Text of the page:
Last week AMD launched the Radeon R9 380X, the company’s latest mid-range video card. Based on a fully enabled GCN 1.2 Tonga GPU – a first for the desktop video card market – the R9 380X was timed to setup AMD product stack for the holidays and to dig out a spot in the gap between NVIDIA’s GeForce GTX 970 and GTX 960 cards. By hitting NVIDIA a bit above the ever-popular $200 spot, AMD is aiming to edge out NVIDIA on price/performance while also snagging gamers looking to upgrade from circa 2012 video cards.

In AMD’s overall product stack the R9 380X is essentially a slightly faster version of the existing R9 380, designed to offer a bit more performance for a bit higher price. With R9 380 AMD went head-to-head with NVIDIA’s GeForce GTX 960, launching at $200 for 2GB cards while also offering a sizable mix of 4GB cards. For the R9 380X AMD is enabling the last 4 of Tonga’s disabled CUs and making 4GB the baseline, which improves performance by 10% or so. In turn the new card is launching at $229, the only card that at official MSRPs is really aimed at the $200-$250 market.

AMD GPU Specification Comparison
  AMD Radeon R9 390 AMD Radeon R9 380X AMD Radeon R9 380 AMD Radeon 280X
Stream Processors 2560 2048 1792 2048
Texture Units 160 128 112 128
ROPs 64 32 32 32
Boost Clock 1000MHz 970MHz 970MHz 1000MHz
Memory Clock 6Gbps GDDR5 5.7Gbps GDDR5 5.5Gbps GDDR5 6Gbps GDDR5
Memory Bus Width 512-bit 256-bit 256-bit 384-bit
VRAM 8GB 4GB 2GB 3GB
FP64 1/8 1/16 1/16 1/4
TrueAudio Y Y Y N
Transistor Count 6.2B 5.0B 5.0B 4.31B
Typical Board Power 275W 190W 190W 250W
Manufacturing Process TSMC 28nm TSMC 28nm TSMC 28nm TSMC 28nm
Architecture GCN 1.1 GCN 1.2 GCN 1.2 GCN 1.0
GPU Hawaii Tonga Tonga Tahiti
Launch Date 06/18/15 11/19/15 06/18/15 10/11/13
Launch Price $329 $229 $199 $299

Recapping the specifications, the R9 380X is very straightforward card. Rather than R9 380’s 28 CUs, all 32 CUs are enabled for R9 380X. As this was the only thing disabled on R9 380, this means that the increased stream processors and texture resources are the only material GPU change as opposed to the R9 380. Otherwise we’re still looking at the same 32 ROPs backed by a 256-bit memory bus, all clocked at 970MHz.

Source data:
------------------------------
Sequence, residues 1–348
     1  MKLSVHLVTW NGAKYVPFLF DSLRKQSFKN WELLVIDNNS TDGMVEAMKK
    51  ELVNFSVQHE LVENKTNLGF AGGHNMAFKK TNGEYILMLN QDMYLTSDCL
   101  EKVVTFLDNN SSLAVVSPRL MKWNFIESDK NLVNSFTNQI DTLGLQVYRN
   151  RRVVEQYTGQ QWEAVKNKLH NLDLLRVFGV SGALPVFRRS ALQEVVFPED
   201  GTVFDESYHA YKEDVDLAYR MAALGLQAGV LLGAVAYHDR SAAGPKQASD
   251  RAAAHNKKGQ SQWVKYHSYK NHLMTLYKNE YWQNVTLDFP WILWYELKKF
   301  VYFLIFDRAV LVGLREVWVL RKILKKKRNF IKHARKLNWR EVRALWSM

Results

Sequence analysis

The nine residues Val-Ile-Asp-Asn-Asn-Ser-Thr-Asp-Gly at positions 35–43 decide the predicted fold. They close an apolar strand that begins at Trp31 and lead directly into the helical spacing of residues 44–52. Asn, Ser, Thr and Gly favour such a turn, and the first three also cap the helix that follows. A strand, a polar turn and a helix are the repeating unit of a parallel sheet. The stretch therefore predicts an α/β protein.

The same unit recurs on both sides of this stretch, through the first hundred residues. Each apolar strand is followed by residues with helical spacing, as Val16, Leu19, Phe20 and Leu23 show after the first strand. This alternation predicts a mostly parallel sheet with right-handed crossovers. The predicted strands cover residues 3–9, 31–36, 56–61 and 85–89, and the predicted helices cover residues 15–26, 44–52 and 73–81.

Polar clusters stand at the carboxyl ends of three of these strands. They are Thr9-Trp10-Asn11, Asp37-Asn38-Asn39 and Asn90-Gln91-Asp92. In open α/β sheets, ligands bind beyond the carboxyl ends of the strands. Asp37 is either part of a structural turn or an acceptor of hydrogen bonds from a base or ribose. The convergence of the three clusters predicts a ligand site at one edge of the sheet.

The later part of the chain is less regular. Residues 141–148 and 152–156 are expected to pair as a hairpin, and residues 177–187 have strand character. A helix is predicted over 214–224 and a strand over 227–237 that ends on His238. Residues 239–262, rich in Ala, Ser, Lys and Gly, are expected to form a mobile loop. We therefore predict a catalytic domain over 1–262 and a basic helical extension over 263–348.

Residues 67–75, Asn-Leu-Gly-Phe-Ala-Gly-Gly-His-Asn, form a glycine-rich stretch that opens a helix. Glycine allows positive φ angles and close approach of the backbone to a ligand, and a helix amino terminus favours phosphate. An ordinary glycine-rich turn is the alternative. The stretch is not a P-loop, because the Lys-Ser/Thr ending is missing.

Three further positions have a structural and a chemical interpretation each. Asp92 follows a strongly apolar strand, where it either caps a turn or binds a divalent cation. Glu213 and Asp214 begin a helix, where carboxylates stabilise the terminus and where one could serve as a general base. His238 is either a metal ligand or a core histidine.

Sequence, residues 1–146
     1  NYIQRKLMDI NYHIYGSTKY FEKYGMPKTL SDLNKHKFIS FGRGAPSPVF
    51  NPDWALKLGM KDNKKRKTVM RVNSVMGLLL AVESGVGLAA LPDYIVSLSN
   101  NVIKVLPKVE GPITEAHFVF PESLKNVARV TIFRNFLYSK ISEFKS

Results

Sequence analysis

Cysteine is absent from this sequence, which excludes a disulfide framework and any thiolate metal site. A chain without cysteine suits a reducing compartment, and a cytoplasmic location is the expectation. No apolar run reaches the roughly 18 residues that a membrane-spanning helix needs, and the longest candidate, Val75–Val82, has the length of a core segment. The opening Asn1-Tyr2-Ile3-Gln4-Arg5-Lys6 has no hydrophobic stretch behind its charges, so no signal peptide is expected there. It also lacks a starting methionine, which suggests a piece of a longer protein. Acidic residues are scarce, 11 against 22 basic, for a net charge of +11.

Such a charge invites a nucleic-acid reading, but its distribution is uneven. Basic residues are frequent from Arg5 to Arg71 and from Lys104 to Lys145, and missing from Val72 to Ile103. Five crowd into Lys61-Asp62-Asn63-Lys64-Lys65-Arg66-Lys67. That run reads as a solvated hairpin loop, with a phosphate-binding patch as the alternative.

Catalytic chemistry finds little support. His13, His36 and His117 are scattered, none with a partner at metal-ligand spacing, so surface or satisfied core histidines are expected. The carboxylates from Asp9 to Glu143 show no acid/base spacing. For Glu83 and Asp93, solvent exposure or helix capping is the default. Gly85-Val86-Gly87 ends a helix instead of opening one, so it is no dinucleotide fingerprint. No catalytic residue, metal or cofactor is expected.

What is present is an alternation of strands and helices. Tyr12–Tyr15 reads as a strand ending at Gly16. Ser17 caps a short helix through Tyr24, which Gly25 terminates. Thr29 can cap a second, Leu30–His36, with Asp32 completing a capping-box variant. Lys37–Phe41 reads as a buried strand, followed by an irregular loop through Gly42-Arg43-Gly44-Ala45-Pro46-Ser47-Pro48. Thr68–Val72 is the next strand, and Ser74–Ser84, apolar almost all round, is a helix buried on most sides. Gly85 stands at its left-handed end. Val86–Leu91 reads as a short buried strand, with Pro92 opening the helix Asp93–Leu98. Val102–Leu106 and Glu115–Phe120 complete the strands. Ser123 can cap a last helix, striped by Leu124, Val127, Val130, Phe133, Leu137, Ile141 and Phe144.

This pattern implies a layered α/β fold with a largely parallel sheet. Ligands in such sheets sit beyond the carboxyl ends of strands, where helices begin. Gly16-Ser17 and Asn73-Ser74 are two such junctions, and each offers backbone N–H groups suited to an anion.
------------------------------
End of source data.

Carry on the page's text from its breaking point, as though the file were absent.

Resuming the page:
Meanwhile as far as memory goes, the R9 380X sees AMD raise the default memory configuration from 2GB for the R9 380 to 4GB for this card. We’ve reached the point where 2GB cards are struggling even at 1080p – thanks in large part to the consoles and their 8GB of shared memory – so to see 4GB as the base configuration is a welcome change. R9 380 does offer both 2GB and 4GB, but as one might expect, 2GB was at launch (and still is) the more common SKU that for better or worse makes R9 380X stand apart from its older sibling even more. Otherwise the 5.7Gbps memory clockspeed of the R9 380X is a slight bump from 5.5Gbps of the 2GB R9 380, though it should be noted that 5.7Gbps was also the minimum for the 4GB R9 380 SKUs. So in practice just as how there’s no increase in the GPU clockspeed, there’s no increase in the memory clockspeed (or bandwidth) with 4GB cards.

Similarly, from a power perspective the R9 380X’s typical board power remains unchanged at 190W. In practice it will be slightly higher thanks to the enabled CUs, but otherwise AMD hasn’t made any significant changes to shift it one way or another. This also means that most (if not all) retail cards are minor variations of each partner's existing R9 380 4GB design, as they don't need new memory or power delivery circuitry to handle R9 380X.